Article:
“And I will come down to deliver them out of the hands of the Egyptians, and bring them up out of that land unto a good, ample land, unto a land flowing with milk and honey; unto the place of the Canaanite, and the Hittite, and the Amorite, and the Perizzite, and the Hivite, and the Jebusite.” (Exodus 3:8)
“Flowing with milk and honey”. A familiar phrase. Yet, nonetheless, it’s a bit perplexing to hear a land described that way. Many Jewish scholars believe that the milk and the honey are actually referring to the plentiful and magnificent produce of the land of Israel. The milk represents the livestock, the goats and cows, that give milk. Honey in biblical times was mostly produced from dates and figs, thus representing the fruit of the Holy Land. However, this description God chooses to describe the Land of Israel may raise an eyebrow or two. It’s almost as if the produce will miraculously flow into the land. Someone above is overseeing things. Many believe that the implication of this phrase is something that has left its imprint on Israel’s history.
Israel is not an easy land to develop. It has little natural resources, and, until this day, is highly dependent on rain, which is not a constant. When the People of Israel were exiled over 2000 years ago, it seems almost as if the Land of Israel went into mourning. It lay barren, a desert wasteland, where Bedouin tribes wandered to find areas of vegetation for their flocks of sheep and goats. Quite little grew and there were few who tried to produce anything from its dry and barren earth. In his book “Innocents Abroad”, Mark Twain travels through Israel and describes his impressions of the land in the year 1867:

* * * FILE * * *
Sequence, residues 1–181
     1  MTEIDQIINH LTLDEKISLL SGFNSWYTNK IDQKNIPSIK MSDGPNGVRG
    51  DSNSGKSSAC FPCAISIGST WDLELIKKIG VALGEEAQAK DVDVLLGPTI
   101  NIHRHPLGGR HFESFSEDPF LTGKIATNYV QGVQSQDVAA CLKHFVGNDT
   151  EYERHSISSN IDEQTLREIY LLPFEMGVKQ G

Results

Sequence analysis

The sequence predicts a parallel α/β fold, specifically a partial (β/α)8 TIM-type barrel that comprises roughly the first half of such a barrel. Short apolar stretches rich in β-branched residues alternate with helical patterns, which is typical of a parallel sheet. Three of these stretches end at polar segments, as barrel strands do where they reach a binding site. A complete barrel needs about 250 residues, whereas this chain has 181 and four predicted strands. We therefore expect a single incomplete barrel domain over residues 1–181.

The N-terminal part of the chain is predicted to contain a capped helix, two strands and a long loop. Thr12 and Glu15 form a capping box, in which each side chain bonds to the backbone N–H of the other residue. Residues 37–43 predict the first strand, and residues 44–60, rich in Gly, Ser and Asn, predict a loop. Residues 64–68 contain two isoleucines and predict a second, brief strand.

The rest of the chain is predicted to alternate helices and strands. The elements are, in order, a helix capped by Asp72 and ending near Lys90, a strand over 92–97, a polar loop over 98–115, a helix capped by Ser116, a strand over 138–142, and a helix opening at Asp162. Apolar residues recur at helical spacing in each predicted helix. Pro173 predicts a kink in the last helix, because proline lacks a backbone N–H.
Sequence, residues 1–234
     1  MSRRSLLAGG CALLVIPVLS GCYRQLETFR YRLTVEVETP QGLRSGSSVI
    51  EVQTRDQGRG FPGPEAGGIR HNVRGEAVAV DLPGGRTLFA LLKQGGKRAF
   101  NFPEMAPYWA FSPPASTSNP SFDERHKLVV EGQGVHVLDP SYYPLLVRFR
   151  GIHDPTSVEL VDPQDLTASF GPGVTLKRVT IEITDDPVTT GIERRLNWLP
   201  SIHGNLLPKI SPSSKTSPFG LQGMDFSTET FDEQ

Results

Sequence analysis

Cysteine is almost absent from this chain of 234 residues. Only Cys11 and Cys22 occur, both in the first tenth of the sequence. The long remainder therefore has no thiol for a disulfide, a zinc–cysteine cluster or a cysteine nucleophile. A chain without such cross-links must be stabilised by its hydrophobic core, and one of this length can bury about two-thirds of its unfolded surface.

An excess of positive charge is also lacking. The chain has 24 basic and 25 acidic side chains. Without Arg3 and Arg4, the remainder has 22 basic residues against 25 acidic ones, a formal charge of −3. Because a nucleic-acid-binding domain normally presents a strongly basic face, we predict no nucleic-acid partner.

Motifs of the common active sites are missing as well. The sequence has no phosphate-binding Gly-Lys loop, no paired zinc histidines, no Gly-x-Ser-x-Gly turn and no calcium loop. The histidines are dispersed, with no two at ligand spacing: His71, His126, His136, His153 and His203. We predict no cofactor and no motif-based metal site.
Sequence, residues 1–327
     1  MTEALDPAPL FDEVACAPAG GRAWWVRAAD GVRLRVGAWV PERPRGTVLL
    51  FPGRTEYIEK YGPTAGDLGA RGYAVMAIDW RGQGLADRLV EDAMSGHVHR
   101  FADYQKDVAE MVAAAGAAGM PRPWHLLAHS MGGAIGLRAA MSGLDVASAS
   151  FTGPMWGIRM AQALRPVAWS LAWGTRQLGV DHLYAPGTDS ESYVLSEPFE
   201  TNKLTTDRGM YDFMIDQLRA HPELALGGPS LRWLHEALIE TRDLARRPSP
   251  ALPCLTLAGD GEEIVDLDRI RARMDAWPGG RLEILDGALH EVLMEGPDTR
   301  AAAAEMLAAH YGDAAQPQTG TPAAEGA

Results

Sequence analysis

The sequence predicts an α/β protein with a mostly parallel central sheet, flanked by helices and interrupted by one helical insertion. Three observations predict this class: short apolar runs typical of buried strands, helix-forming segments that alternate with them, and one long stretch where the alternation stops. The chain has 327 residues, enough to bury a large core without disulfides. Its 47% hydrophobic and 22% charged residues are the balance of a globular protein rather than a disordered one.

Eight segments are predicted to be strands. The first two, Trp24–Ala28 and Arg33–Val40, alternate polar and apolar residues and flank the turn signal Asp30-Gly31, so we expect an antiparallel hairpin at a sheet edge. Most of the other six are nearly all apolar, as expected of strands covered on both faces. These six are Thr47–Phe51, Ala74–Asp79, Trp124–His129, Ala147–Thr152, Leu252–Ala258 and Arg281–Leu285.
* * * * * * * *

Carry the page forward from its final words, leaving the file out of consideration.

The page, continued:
““….. A desolate country whose soil is rich enough, but is given over wholly to weeds… a silent mournful expanse…. a desolation…. we never saw a human being on the whole route…. hardly a tree or shrub anywhere. Even the olive tree and the cactus, those fast friends of a worthless soil, had almost deserted the country.”
Things have changed dramatically since those days that Mark Twain toured the desolate Land of Israel. There is plenty of milk and honey. Just pay a short visit to Kibbutz Yotvata in Israel’s arid Arava region. Israel’s cows produce far more milk per capita than in any other country in the world. For example, a cow in the U.S. or the U.K. produces, on the average, about 6000 liters of milk per year. A cow in Israel produces twice that much. Not far from Kibbutz Yotvata lies Kibbutz Keturah. One of the things that the kibbutz is known for is its delicious dates. When starting its date orchards in the 1970’s, Keturah shipped 12 date trees from California, and, from those twelve initial trees, planted 10,000 date trees. Each tree produces 350 pounds of dates a year. Honey? Date honey is the thing here… Dr. Elaine Soloway, head of the kibbutz’s orchards even managed to grow a date tree from a 2000 year-old date seed found in the archeological digs at Masada. The kibbutz has named the tree “Methusela”. Methusela is an incredible phenomenon, and also a symbolic bridge between Israel’s past and present.
“But you, O mountains of Israel, shall shoot forth your branches, and yield your fruit for My people Israel; for they will soon come home.” Prophecies the prophet Ezekiel.
This, Jewish scholars tell us, is a true sign that the redemption is near. The trees of Israel have begun to yield fruit, and the land flows with milk and honey.